57 1 Timothy i. 15.
58 There is of course reference here to John i. 3: and Eunomius is called just below the `new theologian,0' with an allusion of S. John, who was called by virtue of this passage essentially o qeologoj.
59 this school of the new circumcision. This accusation is somewhat discounted by Gregory's comparison of Eunomius elsewhere to Bardesanes and Marcion, to the Manichees, to Nicholaus, to Philo (see Book XI. 691, 704, VI. 607, and especially VII. 645), and by his putting him down a scholar of Plato. But a momentary advantage, calculated in accordance with the character and capacities of the great mass of Gregory's audience, could not be lost. The lessons of Libanius, the rhetorician, had not been thrown away on Gregory.
60 Colossians i. 16.
61 i.e. according as each inclines more or less to the First Good.
62 uncreate intelligible nature is far renewed from such distinctions. This was the impregnable position that Athanasius had taken up. To admit that the Son is less than the Father, and the Spirit less than the Son, is to admit the law of emanation such as hitherto conceived, that is, the gradual and successive degradation of God's substance; which had conducted oriental heretics as well as the Neoplatonists to a sort of pantheistic polytheism. Arius had indeed tried to resist this tendency so far as to bring back divinity to the Supreme Being; but it was at the expense of the divinity of the Son, Who was with him just as much a created Intermediate between God and man, as one of the Aeons: and Aetius and Eunomius treated the Holy Ghost also as their master had treated the Son. But Arianism tended at once to Judaism and, in making creatures adorable. to Greek polytheism. There was only one way of cutting short the phantasmagoria of divine emanations, without having recourse to the contradictory hypothesis of Arius: and that was to reject the law of emanation, as hitherto accepted, altogether. Far from admitting that the Supreme Being is always weakening and degrading Himself in that which emanates from Him, Athanasius lays down the principle that He produces within Himself nothing but what is perfect, and first, and divine: and all that is not perfect is a work of the Divine Will, which draws it out of nothing (i.e. creates it), and not out of the Divine Substance. This was the crowning result of the teaching of Alexandria and Origen. See Denys (De la Philosophic d'Origene, p. 432, Paris, 1884).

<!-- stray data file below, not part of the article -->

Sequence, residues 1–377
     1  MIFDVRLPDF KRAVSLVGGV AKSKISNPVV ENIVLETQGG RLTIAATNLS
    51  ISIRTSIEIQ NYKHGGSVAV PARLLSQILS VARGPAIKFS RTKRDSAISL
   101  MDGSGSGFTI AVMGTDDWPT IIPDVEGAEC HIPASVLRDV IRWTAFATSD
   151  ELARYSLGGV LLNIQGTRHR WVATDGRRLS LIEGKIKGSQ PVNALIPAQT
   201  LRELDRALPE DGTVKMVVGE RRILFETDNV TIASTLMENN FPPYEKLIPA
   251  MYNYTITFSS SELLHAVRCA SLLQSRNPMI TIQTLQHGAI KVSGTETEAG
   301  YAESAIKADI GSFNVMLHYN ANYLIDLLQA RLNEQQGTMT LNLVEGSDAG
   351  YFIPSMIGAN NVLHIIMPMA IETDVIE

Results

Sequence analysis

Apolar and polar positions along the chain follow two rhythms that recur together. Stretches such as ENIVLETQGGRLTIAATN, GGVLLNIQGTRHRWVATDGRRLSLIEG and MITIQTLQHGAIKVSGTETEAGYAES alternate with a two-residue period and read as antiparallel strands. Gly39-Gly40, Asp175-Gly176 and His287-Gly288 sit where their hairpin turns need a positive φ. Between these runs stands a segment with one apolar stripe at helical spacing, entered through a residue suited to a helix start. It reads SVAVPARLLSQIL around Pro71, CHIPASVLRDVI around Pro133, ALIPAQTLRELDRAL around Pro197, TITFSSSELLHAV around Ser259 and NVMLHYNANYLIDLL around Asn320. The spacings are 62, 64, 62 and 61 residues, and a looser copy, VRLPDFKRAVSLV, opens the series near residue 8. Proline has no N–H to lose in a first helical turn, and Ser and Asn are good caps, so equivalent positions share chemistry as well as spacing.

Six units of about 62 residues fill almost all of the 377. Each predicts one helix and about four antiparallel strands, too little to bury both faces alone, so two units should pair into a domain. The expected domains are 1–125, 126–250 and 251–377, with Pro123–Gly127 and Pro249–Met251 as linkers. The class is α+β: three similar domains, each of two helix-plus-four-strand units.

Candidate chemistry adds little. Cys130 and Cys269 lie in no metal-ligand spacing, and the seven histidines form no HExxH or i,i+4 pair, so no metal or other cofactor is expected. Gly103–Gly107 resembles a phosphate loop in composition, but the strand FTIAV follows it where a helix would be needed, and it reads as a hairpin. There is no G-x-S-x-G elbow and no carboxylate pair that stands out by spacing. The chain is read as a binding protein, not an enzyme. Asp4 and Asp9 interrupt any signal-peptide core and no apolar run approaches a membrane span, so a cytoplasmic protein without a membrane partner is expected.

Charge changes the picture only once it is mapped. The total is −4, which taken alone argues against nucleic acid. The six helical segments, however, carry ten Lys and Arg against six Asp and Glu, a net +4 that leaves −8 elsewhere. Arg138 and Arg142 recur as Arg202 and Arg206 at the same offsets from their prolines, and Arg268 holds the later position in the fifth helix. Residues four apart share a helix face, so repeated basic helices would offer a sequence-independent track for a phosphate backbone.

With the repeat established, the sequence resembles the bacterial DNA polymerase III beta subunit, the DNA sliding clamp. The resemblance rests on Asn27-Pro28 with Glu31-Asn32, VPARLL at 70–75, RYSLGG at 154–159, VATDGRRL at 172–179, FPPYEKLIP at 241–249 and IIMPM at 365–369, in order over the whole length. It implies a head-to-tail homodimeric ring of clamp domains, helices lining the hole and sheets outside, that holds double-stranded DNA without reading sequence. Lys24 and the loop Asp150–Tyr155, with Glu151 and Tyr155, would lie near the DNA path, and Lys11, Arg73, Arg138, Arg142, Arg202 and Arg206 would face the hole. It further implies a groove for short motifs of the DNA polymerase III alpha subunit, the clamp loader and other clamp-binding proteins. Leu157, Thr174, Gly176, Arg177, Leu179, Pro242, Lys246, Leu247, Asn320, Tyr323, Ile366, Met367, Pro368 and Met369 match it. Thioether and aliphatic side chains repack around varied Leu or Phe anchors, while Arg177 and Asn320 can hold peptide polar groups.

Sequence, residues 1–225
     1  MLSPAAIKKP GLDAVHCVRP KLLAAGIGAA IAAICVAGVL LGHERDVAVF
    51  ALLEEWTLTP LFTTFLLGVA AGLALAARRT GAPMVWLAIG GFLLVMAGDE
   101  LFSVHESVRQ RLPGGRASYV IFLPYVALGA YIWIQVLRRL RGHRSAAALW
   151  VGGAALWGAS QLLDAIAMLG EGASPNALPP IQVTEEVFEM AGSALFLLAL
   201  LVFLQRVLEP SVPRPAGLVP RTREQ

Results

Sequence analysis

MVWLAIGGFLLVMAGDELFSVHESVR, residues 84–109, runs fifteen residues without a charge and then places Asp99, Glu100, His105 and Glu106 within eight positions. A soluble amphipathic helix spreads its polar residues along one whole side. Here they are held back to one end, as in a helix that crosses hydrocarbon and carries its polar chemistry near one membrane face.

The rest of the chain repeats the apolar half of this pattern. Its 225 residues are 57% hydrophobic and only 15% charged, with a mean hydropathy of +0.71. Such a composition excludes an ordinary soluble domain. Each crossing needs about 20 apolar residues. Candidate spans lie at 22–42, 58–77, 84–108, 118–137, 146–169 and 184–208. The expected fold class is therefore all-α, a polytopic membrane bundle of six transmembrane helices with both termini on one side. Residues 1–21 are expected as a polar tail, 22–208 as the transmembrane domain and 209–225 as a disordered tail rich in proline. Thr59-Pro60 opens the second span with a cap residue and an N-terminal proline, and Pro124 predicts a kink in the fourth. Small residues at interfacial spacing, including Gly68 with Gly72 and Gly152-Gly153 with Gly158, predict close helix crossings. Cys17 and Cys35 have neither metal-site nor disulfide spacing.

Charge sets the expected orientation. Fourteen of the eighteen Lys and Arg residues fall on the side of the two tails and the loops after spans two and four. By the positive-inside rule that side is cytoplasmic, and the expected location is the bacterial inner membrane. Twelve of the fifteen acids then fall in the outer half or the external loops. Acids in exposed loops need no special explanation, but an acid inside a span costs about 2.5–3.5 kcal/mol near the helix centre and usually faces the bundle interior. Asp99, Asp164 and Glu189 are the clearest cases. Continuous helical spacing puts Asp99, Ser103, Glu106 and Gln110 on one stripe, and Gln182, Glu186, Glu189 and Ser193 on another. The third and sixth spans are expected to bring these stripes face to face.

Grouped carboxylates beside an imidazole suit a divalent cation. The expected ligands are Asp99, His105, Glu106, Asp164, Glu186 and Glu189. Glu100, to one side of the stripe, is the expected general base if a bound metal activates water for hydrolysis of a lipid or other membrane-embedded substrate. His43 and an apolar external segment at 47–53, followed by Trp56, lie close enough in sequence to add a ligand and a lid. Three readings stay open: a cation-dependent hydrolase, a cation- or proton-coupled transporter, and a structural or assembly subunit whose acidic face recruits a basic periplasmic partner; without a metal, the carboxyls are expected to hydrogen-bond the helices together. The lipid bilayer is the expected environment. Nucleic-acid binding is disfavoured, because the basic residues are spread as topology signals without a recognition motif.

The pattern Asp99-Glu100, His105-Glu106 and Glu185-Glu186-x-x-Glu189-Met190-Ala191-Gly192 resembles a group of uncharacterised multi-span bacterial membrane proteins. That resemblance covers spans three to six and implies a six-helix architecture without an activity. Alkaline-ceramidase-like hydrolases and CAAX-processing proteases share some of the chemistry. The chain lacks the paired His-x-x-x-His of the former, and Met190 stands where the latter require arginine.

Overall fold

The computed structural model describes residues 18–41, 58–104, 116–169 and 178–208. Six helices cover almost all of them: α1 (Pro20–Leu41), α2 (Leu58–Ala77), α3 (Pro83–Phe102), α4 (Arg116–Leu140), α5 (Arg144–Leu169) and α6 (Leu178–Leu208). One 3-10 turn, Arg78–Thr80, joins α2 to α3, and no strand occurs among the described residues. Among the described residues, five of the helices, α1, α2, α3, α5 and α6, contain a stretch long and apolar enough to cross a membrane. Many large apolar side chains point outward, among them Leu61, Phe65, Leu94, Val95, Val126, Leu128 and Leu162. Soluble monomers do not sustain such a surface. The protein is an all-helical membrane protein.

63 But He is not begotten. Athanasian Creed.
64 Luke x. 18.
65 thj zwopoiou dunamewj.
66 tou pantoj. It is worth while to mention,once for all, the distinction in the names used by the Stoics for the world, which had long since passed from them into the common parlance. Including the Empty, the world is called to pan, without it, olon (to olon, ta ola frequently occurs with the Stoics). The pan, it was said, is neither material nor immaterial, since it consists of both.
67 Ti gar baptizontai eij Xriston. This throws some light on the much discussed passage, `Why are these baptized for the dead?0' Gregory at all events seems here to take it to mean, `Why are they baptized in the name of a dead Christ?0' as he is adopting partially S. Paul's words, 1 Cor. xv. 29; as well as Heb. xi. 1 above.
69 Cf. Gregory's theory of human perfection; De anima et Resurrectione, p. 229, 230. `The All-creating Wisdom fashioned these souls, these receptacles with free wills, as vessels as it were, for this very purpose, that there should be some capacities able to receive His blessings, and become continually larger with the inpouring of the stream. Such are the wonders that the participation in the Divine blessings works; it makes him into whom they come larger and more capacious. ...The fountain of blessings wells up unceasingly, and the partaker's nature, finding nothing superfluous and without a use in that which it receives, makes the whole influx an enlargement of its own proportions. ...It is likely, therefore, that this bulk will mount to a magnitude wherein no limit checks the growth.
70 Proverbs viii. 22 (LXX). For another discussion of this passage, see Book II. ch. 10 (beginning) with note.
71 Proverbs viii, 27 (LXX).
72 in the Canon. (Oehler's stopping is here at fault, i.e. he begins a new paragraph with 'Ekdexetai ton logon touton o Pauloj). We need not speculate whether Gregory was aware that the Epistle to the Colossians (quoted below) is an earlier `Gospel0' than S. John's.
73 Coloss. i. 16.